Mobile learning. It was supposed to be the “next big thing”, at least judging from the trade press articles and the headlines in major news outlets.
Nowadays though, you don’t hear about it as much. Is it still a thing, or was it just a fad?
Read on to find out.
Not dead yet. Or ever.
First of all, yeah, it’s very much still a thing.
It might not be as much in the news, but that’s actually a good sign in this case. See, back when modern smartphones and tablets were still a new thing (that would be around 2008-2012), mobile learning captured the headlines because it was a new thing too.
As mobile learning established itself, it stopped getting as many headlines because journalists like to move on to the next hot thing.
Mobile on the rise
What we see now is a transition to the post-PC world, in which mobile learning will become either the main kind of eLearning available, or a majod addition to eLearning, simply because most devices will be mobile devices.
That doesn’t mean that PCs will cease existing, just that mobile devices (phones, phablets, tablets, netbooks) will get increasingly more powerful in hardware and software, until they replace laptops for the majority of us (think of how the desktop PC eventually got eclipsed by much smaller and initially less capable laptops ― like they one you’re most likely reading this post on).
Access to fast 4G and 5G networks will only accelerate that trend (there are already countries that offer reliable 40Mbps 4G internet access for your smartphone ― I know because I’ve tried it, and it was awesome).
All the available stats confirm the rise of mobile computing. For example mobile data traffic doubled globally in the last two years, and is expected to grow 8 times what it is now until 2018 ― a compound annual growth of over 50%.
And it’s not just because of existing users consuming more: a billion mobile devices and connections were added in the last couple of years. In fact the number of mobile devices with access to the internet is said to already exceed the world’s population.
This phenomenon is especially impressive in developing countries, were 70% of the world’s population lives, and were people might not have a landline or a computer at all, but almost everybody has a mobile phone with at least rudimentary access to the internet.
As mobile marches onwards, things do not look as good for the old guard, with sales of desktop PCs and laptops slipping as much as 9% annually for the last several years. Of course it could be because modern PCs are finally fast enough to last several years, but even if that’s the case, a slowing down market attracts less investments than a booming one.
Trends in favor of mobile learning, aka m-learning
Besides the growth of mobile computing (which could just mean people playing Candy Crush Saga on the train), there are several factors that have helped increase adoption of mobile learning itself.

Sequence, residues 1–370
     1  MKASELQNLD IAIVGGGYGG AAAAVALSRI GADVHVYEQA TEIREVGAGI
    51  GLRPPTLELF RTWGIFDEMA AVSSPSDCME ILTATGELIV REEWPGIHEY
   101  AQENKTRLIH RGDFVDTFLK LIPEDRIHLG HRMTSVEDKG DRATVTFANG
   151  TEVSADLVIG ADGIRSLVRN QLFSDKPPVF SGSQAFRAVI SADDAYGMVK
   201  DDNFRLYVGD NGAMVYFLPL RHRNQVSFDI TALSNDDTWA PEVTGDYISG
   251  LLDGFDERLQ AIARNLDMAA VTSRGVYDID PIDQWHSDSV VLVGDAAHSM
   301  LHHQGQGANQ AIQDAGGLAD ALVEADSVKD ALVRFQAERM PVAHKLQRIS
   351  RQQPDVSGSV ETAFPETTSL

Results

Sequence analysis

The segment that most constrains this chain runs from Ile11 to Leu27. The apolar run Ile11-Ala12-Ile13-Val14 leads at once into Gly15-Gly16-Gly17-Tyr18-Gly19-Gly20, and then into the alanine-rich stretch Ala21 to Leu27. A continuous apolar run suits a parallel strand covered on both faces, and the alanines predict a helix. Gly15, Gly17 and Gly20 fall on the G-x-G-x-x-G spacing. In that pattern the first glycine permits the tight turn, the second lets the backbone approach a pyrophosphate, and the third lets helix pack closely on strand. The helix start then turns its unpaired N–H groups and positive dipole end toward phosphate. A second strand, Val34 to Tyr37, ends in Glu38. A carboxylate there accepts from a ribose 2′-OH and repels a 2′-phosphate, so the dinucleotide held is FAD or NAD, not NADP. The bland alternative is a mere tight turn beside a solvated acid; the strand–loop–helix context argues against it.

First of all, enterprises and learners seem to love it, at least according to several surveys conducted in 2013 and 2014, which show that most enterprises (over 70%) have already implemented basic mobile learning programs that they plan enhancing upon in the coming years.
Combine that with the sentiment expressed by the overwhelming majority of mobile leaners that the mobile format enhanced their learning and enabled them to complete more training, and the future looks rosy for mobile learning.
The increase in the number of remote workers also helps, as commuting time is a good fit for mobile learning, especially in places with good public transport.
In London UK, for example, commuters spend an average of 56 minutes per day traveling according to a recent study by Randstad Financial & Professional, with the mean commuting time across all UK cities being around 35 minutes. Short targeted courses, delivered by mobile, could help train this workforce on the move.
The increased speed and capabilities of mobile devices makes for a more compelling learning experience compared to earlier smartphones and tablets. A modern day iPad or Android tablet runs circles around the first models, and offers many more features to both native and web based applications.
Last but not least, there’s the BYOD (bring your own device) trend, were employees are allowed to bring the same mobile devices they own and use all day to the workplace (as opposed to older, tightly regulated by the IT department office provided devices).
The increase in specs combined with BYOD, translates to ever more powerful options for mobile learning, options that are available to employees at their workplace, commute and home alike.
Conclusion, or how I learned to stop worrying and love the phablet
Mobile learning is here to stay. It’s desktop learning one should be worried about, but then again both are just different delivery options for eLearning, which is not going anywhere.
Besides, a modern LMS platform (like our excellent eFront) can serve both desktop and mobile learning versions of your courses with the same ease. Especially since our new eFront is fully responsive for mobiles and desktops alike.
If you want to learn more about mobile learning, or are planning to integrate mobile learning in your business, we’ll be glad to hear from you.
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